I thought he was probably right, but I sensed some guilt coming my way and I asked, “Well, do you know of any starving children around here?”
He looked up, surprised that I would ask a question and he answered, “Well, no. But I can’t see wasting energy on dumb animals.”
It was okay. I sucked up the ignorance, and loathing. I understood the connection between his beliefs, and the things he and his friends ranted about, when they talked about the waste of others and the things they felt people deserved…
When I collected a few thoughts, I checked the head of the line. They were waiting on a price check. I placed my merchandise on the conveyer, turned to the gentleman and said:
“Look, there are some things at work here that you may not have thought about. I have two dogs. They are fed twice a day, and walked 4-6 times in every 24-hour period. The walks I give them are long and stimulating. I am exercising myself, maintaining good health so I can remain vital and productive.
The dogs piss and shit alot, and in my walks with them, I am a good steward of the community. I pick up the turds, and prevent the dogs from pissing in my neighbor’s gardens. This is my responsibility, but in a greater sense, it shows my neighbors that I value a clean neighborhood and I respect their property.
With the walks, I have met everyone on the block, along with many people who are transients in the neighborhood. I know everyone by name. When something is out of place, I notice it and the dogs do as well. When someone is doing something out of the ordinary, the dogs notice it before I do and alert me to the situation.
Anyone who drives through the neighborhood (and there are thousands), know me as “The Guy with the Dobermans.” And with this comes a pattern of recognition, and later, a pattern language, where I have a readymade commonality with almost everyone I come in contact with socially. Since this commonality has its origin in the dogs, and in the activity of care, play, and showing off, the language is positive. This subtle process rouses positive feelings in people, inspiring a general sense of wellbeing.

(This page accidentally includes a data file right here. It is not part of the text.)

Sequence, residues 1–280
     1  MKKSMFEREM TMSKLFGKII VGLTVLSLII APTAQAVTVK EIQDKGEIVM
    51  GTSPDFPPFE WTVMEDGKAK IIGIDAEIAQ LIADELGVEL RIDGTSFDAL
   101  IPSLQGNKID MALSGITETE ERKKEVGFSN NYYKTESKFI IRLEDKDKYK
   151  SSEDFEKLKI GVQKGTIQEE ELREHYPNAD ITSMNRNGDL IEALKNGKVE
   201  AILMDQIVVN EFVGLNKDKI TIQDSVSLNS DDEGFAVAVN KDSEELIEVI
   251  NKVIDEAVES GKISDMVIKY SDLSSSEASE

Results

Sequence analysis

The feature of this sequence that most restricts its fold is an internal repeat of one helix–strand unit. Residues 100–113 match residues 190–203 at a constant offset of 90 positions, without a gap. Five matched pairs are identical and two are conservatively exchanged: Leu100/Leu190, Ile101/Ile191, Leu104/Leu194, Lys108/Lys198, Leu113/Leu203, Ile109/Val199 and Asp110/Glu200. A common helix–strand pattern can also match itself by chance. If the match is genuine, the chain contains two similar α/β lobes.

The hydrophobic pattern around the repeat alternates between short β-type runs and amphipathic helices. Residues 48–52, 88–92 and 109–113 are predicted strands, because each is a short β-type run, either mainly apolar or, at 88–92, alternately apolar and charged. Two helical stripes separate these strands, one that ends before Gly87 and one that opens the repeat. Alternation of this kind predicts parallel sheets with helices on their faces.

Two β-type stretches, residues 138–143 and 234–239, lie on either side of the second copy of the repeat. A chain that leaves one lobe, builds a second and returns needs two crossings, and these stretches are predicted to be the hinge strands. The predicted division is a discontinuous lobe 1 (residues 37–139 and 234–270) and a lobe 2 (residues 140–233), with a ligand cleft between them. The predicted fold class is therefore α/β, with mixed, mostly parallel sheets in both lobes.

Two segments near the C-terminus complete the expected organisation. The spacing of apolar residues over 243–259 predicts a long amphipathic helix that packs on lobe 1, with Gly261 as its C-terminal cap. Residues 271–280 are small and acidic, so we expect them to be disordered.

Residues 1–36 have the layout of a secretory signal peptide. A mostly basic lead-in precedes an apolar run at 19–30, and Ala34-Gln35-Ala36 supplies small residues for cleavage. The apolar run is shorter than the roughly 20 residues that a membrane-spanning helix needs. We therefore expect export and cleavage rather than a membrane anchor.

At home, the dogs work without hesitation towards the protection of our home. There is a legend amongst the mail carriers of the late Fergus, who guarded our entryway with his dog acrobatics, making any delivery person stand in awe on the other side of the interior door, wary and thankful Fergus was safely contained.
Our 2 year old, Blubberstick, is beginning to do the same guarding ritual, as if he is acting out some snarling requital towards a bad-guy. I'm convinced that he is serious now.
The dogs keep us somewhat safe from home invasion. Thus, we are without insurance claims. The dogs make us happy, which makes us more productive, and likely to spend more money, helping to push the ecomony, with our surplus given to good causes.
In a short way of explanation, they are kept in my home, a good home, where they are fed, sheltered and loved. In return, they work out their distinctive lives in service to all of us, not complaining, but ever vigilant, panting, sleeping lightly, and watching.”
My line mate smiled. He reached down and took my hand. We shook and he said,
“OK, I have to look at the whole thing a little different now. I learned something. Now I have something to tell my kids tonight. They think their old man don’t know anything. I had a good dog once. I still have that old hat he used to wear.”
He helped me lift the massive bag of dogfood onto my soulder. We both stood there still holding the bag, hardly believing the shared bulk could be so light.